The Case against Windfarms
The Case Against Windfarms is an authoritive, referenced document written by Dr John Etherington ( © Dr JR Etherington).
11. House prices, tourism and jobs
It is little more than a matter of common sense to realise that wind power may seriously affect property price. Given two identical rural houses, one with wind turbines on its horizon, in which would you invest your £200k? There is but one answer unless ‘green’ commitment has displaced all sense.
What 'they' say
"Myth: Wind farms devastate house prices” DTI Myths
A study of its members’ opinions by the Royal Institution of Chartered Surveyors (RICS 2004) concluded that "60% of the sample suggested that wind farms decrease the value of residential properties where the development is within view...” and the report also concluded that “Once a wind farm is completed, the negative impact on property values continues but becomes less severe after two years or so after completion"
With outrageous misrepresentation, the DTI Myths website (above) dishonestly misquotes the RICS survey findings: - “A study by the Royal Institution of Chartered Surveyors suggests that wind farms have no lasting impact on UK house prices” and continues “It shows that local house prices recover from any initial impact once a wind farm has been operating for two years.” Compare that with the very different original versions above!
DTI Myths then compounds the offence by writing “People promoting fears of falling prices risk making them self- fulfilling." I am sure that this was not the interpretation arrived at by the district judge who awarded substantial compensation to a family from Marton in
A valuer in mid-Wales has suggested a probable 25% reduction in house value caused by a proposed windfarm (Remax E.A. 2005) and at Lethbridge in Devon, two independent valuers predicted that a farm property will similarly lose £165,000 in value (Sunday Telegraph January 2005).
The wind power industry vehemently denies such impacts but facts and common sense speak louder than their words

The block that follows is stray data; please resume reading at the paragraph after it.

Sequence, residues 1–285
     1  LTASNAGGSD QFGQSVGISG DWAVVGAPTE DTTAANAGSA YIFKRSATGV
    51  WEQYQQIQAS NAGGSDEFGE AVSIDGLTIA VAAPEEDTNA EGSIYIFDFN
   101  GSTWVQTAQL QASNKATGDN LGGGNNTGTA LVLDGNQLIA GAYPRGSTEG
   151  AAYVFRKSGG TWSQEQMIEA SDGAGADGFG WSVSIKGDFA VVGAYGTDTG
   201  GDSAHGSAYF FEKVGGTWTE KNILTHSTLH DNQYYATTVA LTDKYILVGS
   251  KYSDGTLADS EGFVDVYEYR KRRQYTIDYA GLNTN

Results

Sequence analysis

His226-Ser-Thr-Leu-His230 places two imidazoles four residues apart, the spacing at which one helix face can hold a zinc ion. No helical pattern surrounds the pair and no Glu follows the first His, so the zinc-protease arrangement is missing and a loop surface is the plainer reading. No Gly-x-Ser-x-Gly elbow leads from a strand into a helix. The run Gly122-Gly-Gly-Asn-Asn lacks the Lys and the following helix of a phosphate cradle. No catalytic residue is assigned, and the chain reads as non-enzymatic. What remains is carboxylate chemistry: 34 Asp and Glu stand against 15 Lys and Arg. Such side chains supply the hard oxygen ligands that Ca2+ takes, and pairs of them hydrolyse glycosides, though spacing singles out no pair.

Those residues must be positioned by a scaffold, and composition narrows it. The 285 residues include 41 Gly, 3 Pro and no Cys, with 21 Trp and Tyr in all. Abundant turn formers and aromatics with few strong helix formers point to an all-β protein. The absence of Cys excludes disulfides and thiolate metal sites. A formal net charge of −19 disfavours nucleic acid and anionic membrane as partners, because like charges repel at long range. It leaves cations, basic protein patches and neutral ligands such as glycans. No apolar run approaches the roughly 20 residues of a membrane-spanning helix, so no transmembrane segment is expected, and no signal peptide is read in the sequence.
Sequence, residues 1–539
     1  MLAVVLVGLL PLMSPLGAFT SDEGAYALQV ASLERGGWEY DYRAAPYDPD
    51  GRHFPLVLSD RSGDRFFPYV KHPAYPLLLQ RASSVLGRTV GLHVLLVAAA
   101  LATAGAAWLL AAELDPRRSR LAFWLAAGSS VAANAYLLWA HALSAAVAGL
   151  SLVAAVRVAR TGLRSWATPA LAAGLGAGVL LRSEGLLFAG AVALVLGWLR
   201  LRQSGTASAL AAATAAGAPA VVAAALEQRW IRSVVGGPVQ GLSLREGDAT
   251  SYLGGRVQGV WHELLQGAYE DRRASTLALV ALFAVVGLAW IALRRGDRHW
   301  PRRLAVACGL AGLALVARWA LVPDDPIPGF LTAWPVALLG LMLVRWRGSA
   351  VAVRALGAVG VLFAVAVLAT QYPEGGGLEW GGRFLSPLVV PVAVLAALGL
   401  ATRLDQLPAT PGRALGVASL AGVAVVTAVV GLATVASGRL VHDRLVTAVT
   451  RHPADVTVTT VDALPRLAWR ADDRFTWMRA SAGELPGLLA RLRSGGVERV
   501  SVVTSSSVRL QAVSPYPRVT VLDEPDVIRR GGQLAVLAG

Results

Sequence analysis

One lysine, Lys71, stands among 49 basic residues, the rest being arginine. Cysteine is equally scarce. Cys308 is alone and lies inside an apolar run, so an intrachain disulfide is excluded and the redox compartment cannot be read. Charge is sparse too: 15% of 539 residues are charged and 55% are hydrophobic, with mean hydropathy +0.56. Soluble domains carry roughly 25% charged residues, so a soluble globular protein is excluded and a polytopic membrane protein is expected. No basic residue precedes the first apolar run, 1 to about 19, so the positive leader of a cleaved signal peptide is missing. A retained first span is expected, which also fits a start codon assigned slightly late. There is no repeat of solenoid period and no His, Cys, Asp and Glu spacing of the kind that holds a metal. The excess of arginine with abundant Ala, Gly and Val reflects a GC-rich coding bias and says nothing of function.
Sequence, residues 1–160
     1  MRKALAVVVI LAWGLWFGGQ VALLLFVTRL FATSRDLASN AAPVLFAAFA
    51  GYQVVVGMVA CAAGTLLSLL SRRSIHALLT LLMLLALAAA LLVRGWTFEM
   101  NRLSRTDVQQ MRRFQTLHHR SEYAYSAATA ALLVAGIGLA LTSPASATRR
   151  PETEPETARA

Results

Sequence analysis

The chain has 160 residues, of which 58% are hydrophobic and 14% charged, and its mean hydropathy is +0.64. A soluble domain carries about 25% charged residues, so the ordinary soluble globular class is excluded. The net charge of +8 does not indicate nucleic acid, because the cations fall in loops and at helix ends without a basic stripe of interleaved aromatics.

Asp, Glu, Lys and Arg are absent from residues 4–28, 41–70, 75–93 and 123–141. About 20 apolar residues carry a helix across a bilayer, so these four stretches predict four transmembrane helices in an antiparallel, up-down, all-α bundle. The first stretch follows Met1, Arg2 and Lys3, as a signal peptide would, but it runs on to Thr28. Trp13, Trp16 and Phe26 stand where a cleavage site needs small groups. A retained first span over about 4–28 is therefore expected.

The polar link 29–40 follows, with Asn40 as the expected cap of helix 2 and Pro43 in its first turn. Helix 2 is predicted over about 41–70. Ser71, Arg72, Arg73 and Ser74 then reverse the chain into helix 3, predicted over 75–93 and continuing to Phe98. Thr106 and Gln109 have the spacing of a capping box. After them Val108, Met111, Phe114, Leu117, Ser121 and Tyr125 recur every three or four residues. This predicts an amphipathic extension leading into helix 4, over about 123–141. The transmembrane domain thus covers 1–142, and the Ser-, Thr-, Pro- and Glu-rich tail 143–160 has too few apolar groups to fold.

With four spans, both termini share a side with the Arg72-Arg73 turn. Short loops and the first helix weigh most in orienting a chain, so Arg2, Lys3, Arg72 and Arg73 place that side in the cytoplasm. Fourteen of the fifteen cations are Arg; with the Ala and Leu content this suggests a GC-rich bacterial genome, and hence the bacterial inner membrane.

Just as common sense predicts that wind power will influence property price it seems equivalently likely that it will deflect the rural tourist who comes for peace and quiet, to escape the constant movement and noise of the city and to recharge their mental batteries.
The deeply disturbing thing is that the wind power industry refutes this by saying there is no “proof” of impact on house prices, but unfortunately this is a classic Catch-22 situation in which the proof is the damnation – it will be too late and the precautionary principle is the only safe approach.
Whether we like it or not, tourism is the future for rural
What 'they' say
Myth: Wind farms keep tourists away: Many wind farms are tourist attractions.” DTI Myths
The fact that the Gaia Centre at Delabole went bankrupt, the Swaffham eco-centre encountered serious financial troubles and Cold Northcott visitor centre near Delabole was forced to close, might just be bad luck or rotten management! Interestingly most of the wind ‘farms’ which are claimed to be tourist attraction are in fact visitor centres in their own right, all in areas where tourists are seeking indoor occupation in bad weather. The Wales Tourist Board summed-this up perfectly “… there will only be a need for a very small number of wind farm visitor centres before this also reaches saturation point. The WTB believe that the case for wind farms as tourist attractions in their own right only has very limited appeal.” (Letter to author from WTB May 2002).
The impact of wind power on tourism may in fact be substantial. In 2003 the Wales Tourist Board concluded from a survey of businesses in mid-Wales that "Just over half of the respondents thought wind farms have already and will continue to have an adverse effect on visitors coming to the area." And we have not even started building a lot of big ones yet!
A survey in the Western Isles arrived at a similar disturbing conclusion (Tourism Operators in North West Lewis, 2004).
What ‘they’ say
Wind energy is the fastest growing energy sector in the
Reality. During construction of Causey Mire wind ‘farm’,
Reality. In March 2002, Merfyn Williams CPRW said (in the Western Mail) that the tourism and leisure industry in
Thus, though wind ‘farms’ threaten to destroy jobs in the tourist industry; they create few if any compensating jobs elsewhere.
The simple truth is that if the subsidies going into renewables were diverted to other CO2-conservative projects, thousands of jobs would be created at a stroke, and far more emissions would be saved. For example Connah's Quay gas-fired power station (1400 MW) created or secured 8,000 jobs, and all of the 500 contractors and consultants were based in the
Relevant articles, news items, papers, reports
Letters from estate agents and solicitors relating to property transaction impacted by the proximity of wind farms